The peasants in a mountainous village of Aegina had been without a priest for years. Times was going by, but nothing was changing. Lent came, but they still had no priest. The people were worrying. In the first and final weeks of the Great Lent, most Greeks put their work and daily business on hold to dedicate themselves to prayer. Everywhere, they lower the flags as if in mourning for the crucified Christ. Every day, the people stand long hours at the Lenten services, walk in processions around their parishes, keep a dry fast, and some do not eat at all. Few in the village could imagine spending all this time without a priest.
The peasants wrote a letter to the bishop asking him to send them a priest. “Your Holiness, could you please appoint us a priest, at least for the Bright Week and the Pascha,” they implored. “We need him to lead and guide us in our preparation, prayer and repentance, and in the celebration of the Bright and Holy Pascha. Do not let your flock go without a shepherd, do not let our pleas go unanswered. Your Holiness, please send us a priest of Your choosing.”
The bishop read the letter and conveyed the request of the mountain dwellers to the participants in the next episcopal meeting. “Fathers, who can travel to this village for the Lenten weeks?” he asked. But none of the priests could, and each gave a valid reason. As the meeting continued, the request from the mountain dwellers was lost among the other agenda items and the current documents. Everyone forgot about the letter, busy with the other errands and preparations for the Pascha.
Finally, the Great and Holy Pascha came, which all Greeks celebrate together in great awe and piety. Because Orthodox Christianity is Greece’s official religion, it is also a public holiday upheld at the governmental level. The Pascha week was over, and the episcopate’s priests were back at work. The bishop saw a letter on his table, and again it was from the mountainous village. It read, “Your Holiness, we have no words to convey to you our gratefulness and deep appreciation for your consideration and attention to the needs of our parish. Forever we will praise the Lord and be thankful to you, Your Holiness, for sending is this pious and blessed priest to lead our Paschal celebrations. Never before have we prayed together with a priest of such exceptional grace and humility.”
At the next episcopal meeting, the bishop asked the attending priests, “Last time, I read our a letter from the peasants of a mountainous village who requested a priest. Who travelled there?” Everyone was silent, no one said a word. The bishop was intrigued and curious. So he put together a delegation and days later, dust was clouding over the mountainous village on Aegina Island as the bishop and his group approached the village. It was the bishop’s first visit there with such a large group of people. The parishioners bet him with paschal cakes, festive drinks, painted eggs and bunches of flowers. In a solemn procession, they all went to the small church.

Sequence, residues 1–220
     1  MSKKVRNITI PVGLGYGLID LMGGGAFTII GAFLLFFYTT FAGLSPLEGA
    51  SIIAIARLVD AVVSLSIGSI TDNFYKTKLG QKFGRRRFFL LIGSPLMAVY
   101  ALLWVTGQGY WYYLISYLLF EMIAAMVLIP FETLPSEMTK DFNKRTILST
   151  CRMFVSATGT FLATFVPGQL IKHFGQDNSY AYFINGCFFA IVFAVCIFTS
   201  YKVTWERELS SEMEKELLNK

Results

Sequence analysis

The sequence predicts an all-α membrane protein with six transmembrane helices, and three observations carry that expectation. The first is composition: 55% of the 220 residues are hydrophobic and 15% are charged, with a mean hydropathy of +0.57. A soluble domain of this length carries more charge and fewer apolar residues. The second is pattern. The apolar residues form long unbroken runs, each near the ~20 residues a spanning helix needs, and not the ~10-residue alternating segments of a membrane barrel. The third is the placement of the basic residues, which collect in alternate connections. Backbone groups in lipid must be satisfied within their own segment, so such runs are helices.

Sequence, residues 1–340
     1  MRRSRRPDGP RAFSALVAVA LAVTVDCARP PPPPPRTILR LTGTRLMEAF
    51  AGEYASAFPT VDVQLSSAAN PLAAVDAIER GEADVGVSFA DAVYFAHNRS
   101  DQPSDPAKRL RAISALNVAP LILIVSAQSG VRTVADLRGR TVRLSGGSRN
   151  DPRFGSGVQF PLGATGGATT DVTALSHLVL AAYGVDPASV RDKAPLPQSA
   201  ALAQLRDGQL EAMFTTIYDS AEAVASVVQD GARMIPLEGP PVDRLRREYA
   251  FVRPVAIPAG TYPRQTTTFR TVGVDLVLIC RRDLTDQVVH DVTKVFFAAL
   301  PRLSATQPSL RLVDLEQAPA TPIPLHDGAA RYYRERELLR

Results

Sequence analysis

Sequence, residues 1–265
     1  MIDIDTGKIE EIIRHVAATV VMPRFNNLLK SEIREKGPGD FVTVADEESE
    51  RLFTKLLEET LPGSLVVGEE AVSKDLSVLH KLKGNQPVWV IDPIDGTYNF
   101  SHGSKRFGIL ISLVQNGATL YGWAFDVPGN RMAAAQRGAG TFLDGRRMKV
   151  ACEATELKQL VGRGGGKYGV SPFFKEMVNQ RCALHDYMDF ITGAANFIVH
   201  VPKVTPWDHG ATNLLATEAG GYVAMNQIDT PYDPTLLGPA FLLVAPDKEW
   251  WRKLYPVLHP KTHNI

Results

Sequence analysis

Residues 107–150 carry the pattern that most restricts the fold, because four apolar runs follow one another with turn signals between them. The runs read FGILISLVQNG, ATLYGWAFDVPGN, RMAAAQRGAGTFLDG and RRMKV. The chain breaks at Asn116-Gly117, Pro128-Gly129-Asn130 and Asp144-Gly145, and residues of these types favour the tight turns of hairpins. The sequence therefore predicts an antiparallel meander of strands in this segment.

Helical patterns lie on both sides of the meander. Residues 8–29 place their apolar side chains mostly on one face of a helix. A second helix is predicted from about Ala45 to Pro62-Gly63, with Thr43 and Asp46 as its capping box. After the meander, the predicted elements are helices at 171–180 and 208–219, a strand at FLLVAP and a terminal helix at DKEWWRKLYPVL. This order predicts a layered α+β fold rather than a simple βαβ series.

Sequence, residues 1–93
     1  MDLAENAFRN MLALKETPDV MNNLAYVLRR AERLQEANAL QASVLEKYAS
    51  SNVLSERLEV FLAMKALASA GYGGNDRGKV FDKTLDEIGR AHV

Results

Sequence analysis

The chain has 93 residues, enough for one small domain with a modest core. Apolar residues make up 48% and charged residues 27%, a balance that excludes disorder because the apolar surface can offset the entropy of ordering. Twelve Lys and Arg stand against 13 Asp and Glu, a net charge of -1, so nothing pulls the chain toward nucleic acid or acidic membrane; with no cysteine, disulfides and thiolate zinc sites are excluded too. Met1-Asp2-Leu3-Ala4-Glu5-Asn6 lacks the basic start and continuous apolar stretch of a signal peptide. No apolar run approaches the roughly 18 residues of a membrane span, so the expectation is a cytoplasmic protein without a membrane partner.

In Greece, all priests are civil servants, and they are required to enter their names in a designated logbook of the church, even they serve there only once. The bishop bowed before the icon of the church’s patron saint and went into the altar. The Royal Doors were open, and all the people at church saw him pick up the logbook and take it to the nearby narrow window. Hastily, he paged through it and found the last entry. The inscription, made in elegant handwriting and beautiful ink, read, “Nectarios, Metropolitan of Pentapolis.” Awe-stricken, the bishop dropped the book and fell on his knees right where he was standing.
As the news of the great miracle sank in, everyone was awe-stricken. After some moments of ringing silence, everyone was overwhelmed with emotions. The people fell on their knees, raised their hands, hugged, wept and gave thanks to Jesus and Saint Nectarios. Only now were they beginning to realise what had happened. The Almighty Lord had heard the tearful prayers from His people in a remote mountainous village and sent them a shepherd from His Kingdom of Heaven. Their shepherd on earth had forgotten about his smaller flock, but not the Lord of the Heaven and Earth. It was the moment of truth. Metropolitan Nectarios who departed this world in the 1920s, spend an entire week in the flesh with the simple shepherds and their families. He headed their processions of the Cross and to the Empty Tomb, sang hymns and said prayers, gave them comfort and guidance. He spoke to them about the Lord like nobody else had ever spoken to them before.
Only now did the people begin to realise what had filled their hearts with heavenly joy, inspired them to repent tearfully and made them cry with endearment, unrestrained and unashamed. Now they knew what was keeping them awake and eager to stand in prayer. The icon of Saint Nectarios was displayed at their church in a visible location, but nobody recognised him. Perhaps God had willed to hide from the people the identity of their good priest while he was with them.
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